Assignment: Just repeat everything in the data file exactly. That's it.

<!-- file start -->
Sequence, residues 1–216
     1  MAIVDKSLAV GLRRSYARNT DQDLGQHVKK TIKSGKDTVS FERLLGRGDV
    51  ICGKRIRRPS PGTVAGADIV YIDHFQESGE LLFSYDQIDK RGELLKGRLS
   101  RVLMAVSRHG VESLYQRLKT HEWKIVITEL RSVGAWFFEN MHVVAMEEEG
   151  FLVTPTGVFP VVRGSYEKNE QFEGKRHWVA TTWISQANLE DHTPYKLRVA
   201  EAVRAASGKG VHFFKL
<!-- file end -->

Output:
Sequence, residues 1–216
     1  MAIVDKSLAV GLRRSYARNT DQDLGQHVKK TIKSGKDTVS FERLLGRGDV
    51  ICGKRIRRPS PGTVAGADIV YIDHFQESGE LLFSYDQIDK RGELLKGRLS
   101  RVLMAVSRHG VESLYQRLKT HEWKIVITEL RSVGAWFFEN MHVVAMEEEG
   151  FLVTPTGVFP VVRGSYEKNE QFEGKRHWVA TTWISQANLE DHTPYKLRVA
   201  EAVRAASGKG VHFFKL